Of the remaining factors, when the time between printed pages is no more than a few seconds, only the ability of the mechanisms to move the media through the print engine is significant. Because the fusing mechanism was at operating temperature only a short time before, enough heat energy remains in the mechanism from the previous page printed that the time required to return to that temperature is negligible. Should a new fusing technology which does not have this characteristic be employed, one skilled in the art can see that it would be a straightforward extension of the invention disclosed to also keep the fusing mechanism in a “ready” mode during this wait time between print pages.
 Factors within the printer require some limits on the amount of time that the control algorithm keeps the printhead in “ready” mode. As with many rotating mechanics, the motorized scanning polygon mirror employs a bearing which, depending on the particular technology used, may have factors which limit its reliable life.
 One particular type of bearing which is employed in the motorized scanning polygon mirror of the same printers is a fluid bearing; a primary life-limiting factor of the fluid bearing technology is total number of revolutions. Another type of bearing which is employed in the motorized scanning polygon mirror of same higher speed printers is an air bearing; a primary life-limiting factor of air bearing technology is total number of start-stop cycles. Therefore, it is desirable for the control algorithm to operate in a manner which has a minimal negative impact on these factors, and even improves performance in these areas when possible. This invention meets both of these goals.
 In the implementation, the fluid bearing sees no more total revolutions with this invention than it would without this invention, provided that the “ready” time is significantly less than the sum of the time that it takes for the motorized scanning polygon mirror to coast from operating speed to full stop plus the time that it takes to accelerate from stop to operating speed, as discussed immediately below. Similarly, in the implementation, the air bearing sees no more total start-stop cycles with this invention than it would without this invention because unnecessary stops of the motorized scanning polygon mirror are avoided. Thus for both the fluid and air bearing technologies, the life of the bearing is extended by the invention.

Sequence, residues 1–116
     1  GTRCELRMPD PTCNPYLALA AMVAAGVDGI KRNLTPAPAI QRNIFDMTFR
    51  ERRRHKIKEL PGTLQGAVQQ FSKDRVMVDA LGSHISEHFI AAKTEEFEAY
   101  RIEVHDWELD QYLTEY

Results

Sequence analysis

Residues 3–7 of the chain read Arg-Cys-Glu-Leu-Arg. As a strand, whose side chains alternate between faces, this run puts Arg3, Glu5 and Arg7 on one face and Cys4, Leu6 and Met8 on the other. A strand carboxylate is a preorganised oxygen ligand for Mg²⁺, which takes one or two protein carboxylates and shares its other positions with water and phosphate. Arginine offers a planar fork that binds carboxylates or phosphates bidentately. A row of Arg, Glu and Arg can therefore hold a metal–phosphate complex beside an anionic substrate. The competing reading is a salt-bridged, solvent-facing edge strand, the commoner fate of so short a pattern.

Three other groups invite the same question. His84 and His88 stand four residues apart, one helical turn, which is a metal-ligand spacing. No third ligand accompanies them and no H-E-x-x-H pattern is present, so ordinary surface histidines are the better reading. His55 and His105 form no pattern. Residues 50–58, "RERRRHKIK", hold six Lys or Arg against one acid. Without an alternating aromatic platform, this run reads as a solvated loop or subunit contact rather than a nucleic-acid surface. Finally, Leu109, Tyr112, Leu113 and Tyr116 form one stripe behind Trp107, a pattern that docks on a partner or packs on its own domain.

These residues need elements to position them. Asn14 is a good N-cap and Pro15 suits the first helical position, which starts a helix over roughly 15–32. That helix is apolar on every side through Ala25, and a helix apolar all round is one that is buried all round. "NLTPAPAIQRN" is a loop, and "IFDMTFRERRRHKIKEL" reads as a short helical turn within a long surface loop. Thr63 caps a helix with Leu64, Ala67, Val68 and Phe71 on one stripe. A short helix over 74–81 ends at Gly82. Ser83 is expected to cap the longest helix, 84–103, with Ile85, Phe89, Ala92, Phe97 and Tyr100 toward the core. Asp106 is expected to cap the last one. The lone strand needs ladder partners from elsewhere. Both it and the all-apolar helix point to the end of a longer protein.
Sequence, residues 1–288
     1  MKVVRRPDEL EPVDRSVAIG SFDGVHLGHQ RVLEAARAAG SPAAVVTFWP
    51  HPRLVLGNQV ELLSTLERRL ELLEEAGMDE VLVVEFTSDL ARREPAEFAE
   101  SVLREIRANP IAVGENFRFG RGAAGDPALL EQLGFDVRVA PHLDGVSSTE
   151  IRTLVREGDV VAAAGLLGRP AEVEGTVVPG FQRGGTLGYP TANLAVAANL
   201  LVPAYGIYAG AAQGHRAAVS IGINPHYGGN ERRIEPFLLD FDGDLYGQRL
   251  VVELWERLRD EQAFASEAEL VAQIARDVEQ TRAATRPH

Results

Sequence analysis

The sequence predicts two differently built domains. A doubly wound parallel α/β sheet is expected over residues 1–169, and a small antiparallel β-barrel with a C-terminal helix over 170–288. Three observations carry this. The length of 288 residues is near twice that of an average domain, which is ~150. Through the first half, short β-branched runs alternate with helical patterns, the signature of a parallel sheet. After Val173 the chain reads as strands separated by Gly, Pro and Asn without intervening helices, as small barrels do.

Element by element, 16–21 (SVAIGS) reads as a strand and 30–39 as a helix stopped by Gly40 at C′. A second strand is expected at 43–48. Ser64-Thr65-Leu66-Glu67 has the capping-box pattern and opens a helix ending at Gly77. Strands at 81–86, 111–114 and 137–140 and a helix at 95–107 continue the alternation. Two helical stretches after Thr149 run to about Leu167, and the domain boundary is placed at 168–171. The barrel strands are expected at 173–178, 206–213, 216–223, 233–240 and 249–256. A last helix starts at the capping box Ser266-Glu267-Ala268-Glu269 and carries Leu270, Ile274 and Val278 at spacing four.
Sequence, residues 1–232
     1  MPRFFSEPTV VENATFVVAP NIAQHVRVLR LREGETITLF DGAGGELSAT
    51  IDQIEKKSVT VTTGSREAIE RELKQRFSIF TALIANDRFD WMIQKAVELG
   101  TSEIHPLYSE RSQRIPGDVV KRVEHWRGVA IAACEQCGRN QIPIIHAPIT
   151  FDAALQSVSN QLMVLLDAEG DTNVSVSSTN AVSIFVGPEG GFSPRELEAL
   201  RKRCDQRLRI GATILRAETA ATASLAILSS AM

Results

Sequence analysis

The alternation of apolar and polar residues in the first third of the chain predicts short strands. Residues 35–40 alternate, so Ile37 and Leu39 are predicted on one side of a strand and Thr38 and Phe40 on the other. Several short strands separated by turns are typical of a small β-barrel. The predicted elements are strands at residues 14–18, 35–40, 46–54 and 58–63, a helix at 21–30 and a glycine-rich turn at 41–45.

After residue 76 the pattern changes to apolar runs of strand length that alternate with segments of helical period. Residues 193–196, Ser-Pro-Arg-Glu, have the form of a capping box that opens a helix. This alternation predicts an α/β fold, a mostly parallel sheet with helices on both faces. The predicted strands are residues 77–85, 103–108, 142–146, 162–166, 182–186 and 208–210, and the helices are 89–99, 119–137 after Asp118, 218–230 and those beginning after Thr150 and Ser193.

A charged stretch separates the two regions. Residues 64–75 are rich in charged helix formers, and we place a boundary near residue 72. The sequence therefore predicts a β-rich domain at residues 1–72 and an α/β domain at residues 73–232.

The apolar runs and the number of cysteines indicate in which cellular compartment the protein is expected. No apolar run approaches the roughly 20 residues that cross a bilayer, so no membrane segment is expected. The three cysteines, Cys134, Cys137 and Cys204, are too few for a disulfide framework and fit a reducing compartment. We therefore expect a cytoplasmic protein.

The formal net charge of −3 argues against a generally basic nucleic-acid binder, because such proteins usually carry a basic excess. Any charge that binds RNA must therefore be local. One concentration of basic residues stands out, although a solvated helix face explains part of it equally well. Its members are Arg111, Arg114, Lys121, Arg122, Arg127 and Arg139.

On a 30 ppm printer with a fluid bearing printhead, the motorized scanning polygon mirror rotates at approximately 30000 revolutions per minutes (RPM) or 500 revolutions per second and it takes 5.5 seconds to reach operating RPM from a full stop. Because the engine control has no information about the instantaneous rotational speed of the mirror when the motor is turned off, the control always assumes a full stop and allows the full 5.5 seconds to reach speed whenever the motor is started.
 In order to compare the number of revolutions made by the polygon mirror both with and without this invention, a convenient interval is the time interval between a page being completed and a later page reaching the input sensor of the printer where imaging for that next page is started. Regardless of whether or not the invention is active, the mirror motor speed is the full operating RPM at each end of the interval. All differences between the two control mechanisms are contained within this interval.
 Without the invention active, as soon as a page is completed with no page queued behind it the mirror motor is turned off and beings to coast down. If any subsequent page is received, as illustrated in FIG. 4, the mirror motor is restarted and the full 5.5 seconds is allowed for it to reach operating speed. The curve of FIG. 4 represents the velocity of the mirror motor during the aforementioned interval when the invention is not active. The deceleration of the motor once turned off from full operating velocity is characterized as d(t) and the acceleration of the motor once turned on from off is characterized as a(t). Time 0 is the point at which the first page is completed and the motor is turned off. Time t2 is the point at which the next print page is received by the print engine and the motor is restarted. Time t2+5.5 seconds is the end of the interval, being 5.5 seconds (the time required for the motor to accelerate from full stop to stable rotation) after the motor was re-started.
 The number of revolutions of the mirror motor is the integral of this curve, which corresponds to the area under the curve.